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HS3.1

Hydroinformatics: computational intelligence, uncertainty, systems analysis, optimisation, data science, and data-driven modelling of social-hydrologic systems
Convener: Dimitri Solomatine  | Co-Conveners: Robert J. Abrahart , Amin Elshorbagy , Ghada El Serafy , Elena Toth , Matthias Cuntz , Juliane Mai , George P. Petropoulos , Dr. Prashant K. Srivastava 
Orals
 / Thu, 21 Apr, 13:30–17:00  / Room 2.20
Posters
 / Attendance Thu, 21 Apr, 17:30–19:00  / Hall A
Hydroinformatics has emerged over the last decade to become a recognised and established field of independent research within the hydrological sciences. Hydroinformatics is concerned with the development and hydrological application of mathematical modelling, information technology, systems science and computational intelligence tools. It provides the computer-based decision-support systems that are now entering more and more into the offices of consulting engineers, water authorities and government agencies.

More and more we have to face the challenges of Big Data, and employ the relevant techniques and tools. Methods and technologies for data handling, visualization and knowledge acquisition are more and more often referred to as Data Science.

The aim of this session is to provide an active forum in which to demonstrate and discuss the integration and appropriate application of emergent computational technologies in a hydrological modelling context, taking into account the issues of various types of uncertainty. Topics of interest are expected to cover a broad spectrum of theoretical and practical activities that would be of interest to hydro-scientists and water-engineers. The main topics will address the following classes of methods and technologies:

* Predictive and analytical models based on the methods of statistics, computational intelligence and data science: neural networks, fuzzy systems, support vector machines, genetic programming, cellular automata, chaos theory, etc.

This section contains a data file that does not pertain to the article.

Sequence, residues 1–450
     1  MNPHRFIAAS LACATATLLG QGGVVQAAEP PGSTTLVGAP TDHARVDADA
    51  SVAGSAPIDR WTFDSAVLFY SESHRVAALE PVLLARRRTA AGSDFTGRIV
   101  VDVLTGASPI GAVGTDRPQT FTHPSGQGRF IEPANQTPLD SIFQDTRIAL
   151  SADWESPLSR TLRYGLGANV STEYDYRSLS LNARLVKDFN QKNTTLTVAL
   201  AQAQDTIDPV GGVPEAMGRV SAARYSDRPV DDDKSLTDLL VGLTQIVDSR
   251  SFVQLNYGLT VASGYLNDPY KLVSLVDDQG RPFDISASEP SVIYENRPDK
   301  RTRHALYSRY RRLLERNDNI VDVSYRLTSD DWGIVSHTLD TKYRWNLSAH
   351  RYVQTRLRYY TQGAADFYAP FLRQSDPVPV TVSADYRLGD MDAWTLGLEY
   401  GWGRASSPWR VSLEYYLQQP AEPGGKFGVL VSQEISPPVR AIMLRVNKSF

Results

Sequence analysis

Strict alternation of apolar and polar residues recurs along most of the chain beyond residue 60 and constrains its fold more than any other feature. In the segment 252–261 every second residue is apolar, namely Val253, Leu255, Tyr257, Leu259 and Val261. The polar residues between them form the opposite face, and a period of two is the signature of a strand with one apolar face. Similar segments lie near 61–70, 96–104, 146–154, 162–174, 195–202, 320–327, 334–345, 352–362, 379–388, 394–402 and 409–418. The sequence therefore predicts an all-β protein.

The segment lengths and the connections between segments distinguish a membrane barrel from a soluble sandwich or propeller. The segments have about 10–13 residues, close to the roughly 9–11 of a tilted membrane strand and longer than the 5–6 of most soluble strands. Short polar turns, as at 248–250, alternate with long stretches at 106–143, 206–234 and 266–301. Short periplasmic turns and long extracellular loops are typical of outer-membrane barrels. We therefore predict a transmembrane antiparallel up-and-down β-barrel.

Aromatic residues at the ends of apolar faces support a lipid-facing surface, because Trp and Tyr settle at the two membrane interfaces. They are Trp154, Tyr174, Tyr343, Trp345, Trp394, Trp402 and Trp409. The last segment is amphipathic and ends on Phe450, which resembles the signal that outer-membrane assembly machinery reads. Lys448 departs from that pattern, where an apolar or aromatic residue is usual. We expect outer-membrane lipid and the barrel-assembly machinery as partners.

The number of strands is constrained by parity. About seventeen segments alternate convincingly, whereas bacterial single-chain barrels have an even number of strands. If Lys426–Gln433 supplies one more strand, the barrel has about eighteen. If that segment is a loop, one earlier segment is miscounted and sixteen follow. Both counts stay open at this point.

* Methods for the analysis of complex data sets, including remote sensing data: principal and independent component analysis, feature extraction, time series analysis, data-infilling, information theory, etc.
* Specific concepts and methods of Big Data and Data Science such as data thinning, data fusion, information integration
* Optimisation methods associated with heuristic search procedures in multi-objective context: various types of genetic and evolutionary algorithms, randomised and adaptive search, ant colony, particle swarm optimisation, etc.
* Applications of systems analysis and optimisation in water resources
* Hybrid modelling involving different types of models both process-based and data-driven, combination of models (multi-models), etc.
* Data assimilation and model reduction in integrated modelling
* Novel methods of analysing model uncertainty and sensitivity
* Appropriate software architectures for linking different types of models and data sources

Applications could belong to any area of hydrology or water resources: rainfall-runoff modelling, flow forecasting, sedimentation modelling, analysis of meteorological and hydrologic data sets, linkages between numerical weather prediction and hydrologic models, model calibration, model uncertainty, optimisation of water resources, etc.

Within the framework of the new scientific decade 2013-2022 of IAHS, 'Panta Rhei - Everything Flows', this session also explores how data-driven approaches may be used to help gain a better understanding of the complex feedbacks between hydrological and socio-economic systems. It will explicitly consider how we enhance hydrological systems modelling by applying data-mining and data-driven modelling approaches utilising information describing the role and influence of people as water users and decision-makers, and measurements and observations collected through citizen science and crowdsourcing approaches, also through the use of web-technologies for data collection and visualisation aimed at improving citizen engagement and public communication.